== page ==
Expression of TDP-43 in the eye during development leads to adult Drosophila with a disrupted external eye and vacuolization and loss of tissue in the retina. Our data indicate that TDP-43 expression in the developing eye recapitulates HspA5 pathology observed in human ALS as we observe an upregulation of Hsc70.3 mRNA. Furthermore, upregulation of Hsc70.3 mitigates the toxicity of TDP-43 when expressed in the developing eye, implicating upregulation of Hsc70.3/HspA5 as a potential therapeutic strategy. Further studies are needed to address how Hsc70.3 upregulation may mitigate TDP-43 toxicity in aging adult neurons. HspA5 has also been implicated in regulating the toxicity and aggregation of the ALS-causing protein superoxide dismutase (SOD1). For example, knock-in mice expressing HspA5 that lacks the ER retention signal, KDEL, display age-related motor problems, loss of motoneurons and aggregation of wild-type SOD173. Moreover, the neuronal pathology caused by expression of mutant SOD1 (SOD1-G93A) was exacerbated in mice deficient in the HspA5 co-factor SIL1, while SIL1 overexpression induced significant neuroprotection related to improved ER proteostasis and reduced SOD1 aggregation74. It is worth noting that previous work showed that in Drosophila down regulation of tankyrase 1 and tankyrase 2 (Tnks-1/2), which physically interact with TDP-43, reduces TDP-43 toxicity while their upregulation enhances TDP-43 toxicity62,75. This further suggests that not all binding partners of TDP-43, when upregulated, ameliorate TDP-43 toxicity.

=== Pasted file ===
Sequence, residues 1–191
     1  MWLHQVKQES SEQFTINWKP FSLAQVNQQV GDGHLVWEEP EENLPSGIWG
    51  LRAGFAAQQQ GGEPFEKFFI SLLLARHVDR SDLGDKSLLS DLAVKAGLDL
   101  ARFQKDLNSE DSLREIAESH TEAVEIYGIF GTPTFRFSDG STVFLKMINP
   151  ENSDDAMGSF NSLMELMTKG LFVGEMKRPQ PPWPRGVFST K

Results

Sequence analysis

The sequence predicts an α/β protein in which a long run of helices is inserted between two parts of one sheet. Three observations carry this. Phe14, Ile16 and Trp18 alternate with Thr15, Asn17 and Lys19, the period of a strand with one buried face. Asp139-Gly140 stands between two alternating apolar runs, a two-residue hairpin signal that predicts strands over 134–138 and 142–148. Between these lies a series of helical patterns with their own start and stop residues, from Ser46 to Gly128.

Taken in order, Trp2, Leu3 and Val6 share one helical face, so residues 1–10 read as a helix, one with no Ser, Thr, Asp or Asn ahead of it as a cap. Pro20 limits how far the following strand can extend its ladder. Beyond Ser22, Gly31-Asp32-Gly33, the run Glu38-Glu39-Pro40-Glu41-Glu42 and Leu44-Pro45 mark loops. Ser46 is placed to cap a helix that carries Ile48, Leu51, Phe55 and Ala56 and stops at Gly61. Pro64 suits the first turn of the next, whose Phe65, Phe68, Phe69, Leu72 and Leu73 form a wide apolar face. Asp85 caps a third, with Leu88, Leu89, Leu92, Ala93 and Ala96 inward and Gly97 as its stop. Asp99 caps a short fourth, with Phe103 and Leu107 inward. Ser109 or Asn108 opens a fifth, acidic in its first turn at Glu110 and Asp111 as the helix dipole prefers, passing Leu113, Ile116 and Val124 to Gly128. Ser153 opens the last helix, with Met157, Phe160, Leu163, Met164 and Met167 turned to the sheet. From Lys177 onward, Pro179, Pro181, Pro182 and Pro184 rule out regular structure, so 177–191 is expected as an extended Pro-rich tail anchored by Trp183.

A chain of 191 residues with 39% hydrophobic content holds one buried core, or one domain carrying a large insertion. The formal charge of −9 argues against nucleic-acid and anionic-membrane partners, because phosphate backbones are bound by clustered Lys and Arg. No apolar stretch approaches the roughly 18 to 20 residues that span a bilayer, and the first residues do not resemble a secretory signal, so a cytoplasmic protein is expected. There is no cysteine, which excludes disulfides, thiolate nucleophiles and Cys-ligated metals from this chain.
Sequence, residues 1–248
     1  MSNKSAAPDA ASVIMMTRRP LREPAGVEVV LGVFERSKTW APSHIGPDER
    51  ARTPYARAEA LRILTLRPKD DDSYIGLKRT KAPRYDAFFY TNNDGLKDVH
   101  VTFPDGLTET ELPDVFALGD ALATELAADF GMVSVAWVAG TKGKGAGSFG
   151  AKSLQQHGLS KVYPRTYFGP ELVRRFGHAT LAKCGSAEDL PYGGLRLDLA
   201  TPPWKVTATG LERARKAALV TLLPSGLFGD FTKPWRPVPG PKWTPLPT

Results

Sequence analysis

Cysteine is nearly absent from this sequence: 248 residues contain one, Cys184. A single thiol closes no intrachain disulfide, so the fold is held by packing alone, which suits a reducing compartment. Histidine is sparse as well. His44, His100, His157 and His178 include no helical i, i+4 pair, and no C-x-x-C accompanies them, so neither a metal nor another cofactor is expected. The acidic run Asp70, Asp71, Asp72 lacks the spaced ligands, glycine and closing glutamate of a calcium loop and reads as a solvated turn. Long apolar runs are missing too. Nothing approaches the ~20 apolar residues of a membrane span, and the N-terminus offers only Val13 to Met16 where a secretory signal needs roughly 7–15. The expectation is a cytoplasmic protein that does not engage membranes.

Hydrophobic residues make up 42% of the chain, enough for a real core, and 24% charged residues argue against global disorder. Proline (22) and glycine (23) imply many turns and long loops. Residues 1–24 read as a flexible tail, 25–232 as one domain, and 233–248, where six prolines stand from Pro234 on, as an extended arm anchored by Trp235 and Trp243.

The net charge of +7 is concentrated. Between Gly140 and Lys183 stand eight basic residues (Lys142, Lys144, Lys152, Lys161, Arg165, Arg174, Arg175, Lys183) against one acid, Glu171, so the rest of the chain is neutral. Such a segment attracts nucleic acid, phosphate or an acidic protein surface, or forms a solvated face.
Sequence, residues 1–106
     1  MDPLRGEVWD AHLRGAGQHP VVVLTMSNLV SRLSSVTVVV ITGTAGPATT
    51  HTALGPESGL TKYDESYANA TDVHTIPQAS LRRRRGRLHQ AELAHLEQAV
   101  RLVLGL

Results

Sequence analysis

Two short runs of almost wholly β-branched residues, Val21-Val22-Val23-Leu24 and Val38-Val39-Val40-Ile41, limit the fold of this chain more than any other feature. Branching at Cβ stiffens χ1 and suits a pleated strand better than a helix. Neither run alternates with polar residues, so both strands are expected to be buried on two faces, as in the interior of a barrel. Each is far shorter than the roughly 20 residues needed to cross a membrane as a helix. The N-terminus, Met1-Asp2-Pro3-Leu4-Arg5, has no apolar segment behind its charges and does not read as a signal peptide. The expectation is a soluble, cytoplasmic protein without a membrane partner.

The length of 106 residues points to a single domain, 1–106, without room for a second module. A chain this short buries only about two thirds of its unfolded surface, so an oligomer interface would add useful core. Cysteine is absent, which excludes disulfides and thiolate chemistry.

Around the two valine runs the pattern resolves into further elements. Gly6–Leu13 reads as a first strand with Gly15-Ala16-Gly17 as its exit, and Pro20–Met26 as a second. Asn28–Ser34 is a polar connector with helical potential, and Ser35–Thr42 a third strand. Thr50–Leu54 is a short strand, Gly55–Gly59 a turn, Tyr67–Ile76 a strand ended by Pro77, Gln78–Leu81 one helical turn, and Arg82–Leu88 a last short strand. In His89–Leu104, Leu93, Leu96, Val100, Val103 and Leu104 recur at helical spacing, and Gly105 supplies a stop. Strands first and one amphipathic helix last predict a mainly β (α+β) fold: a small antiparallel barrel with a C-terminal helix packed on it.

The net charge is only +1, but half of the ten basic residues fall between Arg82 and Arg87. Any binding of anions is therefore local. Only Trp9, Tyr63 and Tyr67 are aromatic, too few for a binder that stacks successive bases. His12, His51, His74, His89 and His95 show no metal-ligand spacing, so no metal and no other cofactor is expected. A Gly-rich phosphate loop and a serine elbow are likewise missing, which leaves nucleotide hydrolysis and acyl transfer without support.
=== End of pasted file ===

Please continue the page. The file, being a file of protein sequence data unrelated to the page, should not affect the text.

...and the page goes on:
HspA5 mainly localizes to the endoplasmic reticulum (ER) where it controls protein folding during ER-associated stress76 but cellular stimuli such as ER stress and ER-associated degradation can lead to the localization of HspA5 to the mitochondria and the cytosol61,77. Our data indicates a nuclear interaction between TDP-43 and HspA5 but, conversely, HspA5 was largely localized to the cytoplasm in ALS and aged matched control patients (Fig. S5). While we cannot overlook that our BioID data may have missed interactions as discussed above, or that the cell model used is quite distinct from a post mitotic neuron or a glial cell, cytoplasmic HspA5 could also be explained by defects in nuclear import that occurs with age78 as well as neurodegeneration79. Indeed, TDP-43 pathology, including aggregates and mutated proteins, are known to sequester transport factors and impact nuclear transport59.

Finally, it is worth noting that Arimoclomol is a co-activator that prolongs the binding of activated HSF1 to heat shock elements in the promoter region of many chaperones including Hsp70 family members. Notably, HspA5 expression is not under the control of Hsf123,80,81,82. Moreover, Arimoclomol, was shown to induce the expression of only HspA6 and HspA1A in human SH-SY5Y cells33. The failure of Arimoclomol in phase II/III of clinical trial for ALS patients might be partly explained by a lack of specific Hsp70 isoform targeting.

Overall, the observations in this study suggest that upregulation of HspA5 in ALS may have a compensatory role, prolonging the survival of neurons by preventing TDP-43 misfolding and subsequent toxicity. Elucidating the stimuli and the underlying cellular mechanisms that control HspA5 binding to TDP-43 will provide the platform for investigating HspA5 as a potential therapeutic target in TDP-43-associated disease.


All reagents were purchased from Sigma (St. Louis, MO, USA) and Fisher Scientific (Hampton, NH) unless otherwise indicated. TDP-43102–269 and TDP-431–102 were obtained as previously described83,84. The TDP-43 expression strain was described previously50,51. The Hsc70.3-WT or Hsc70.3K97S Drosophila strains were obtained from the Bloomington Drosophila stock center, Indiana, USA. All fly experiments were carried out at 25 °C in standard cornmeal molasses agar.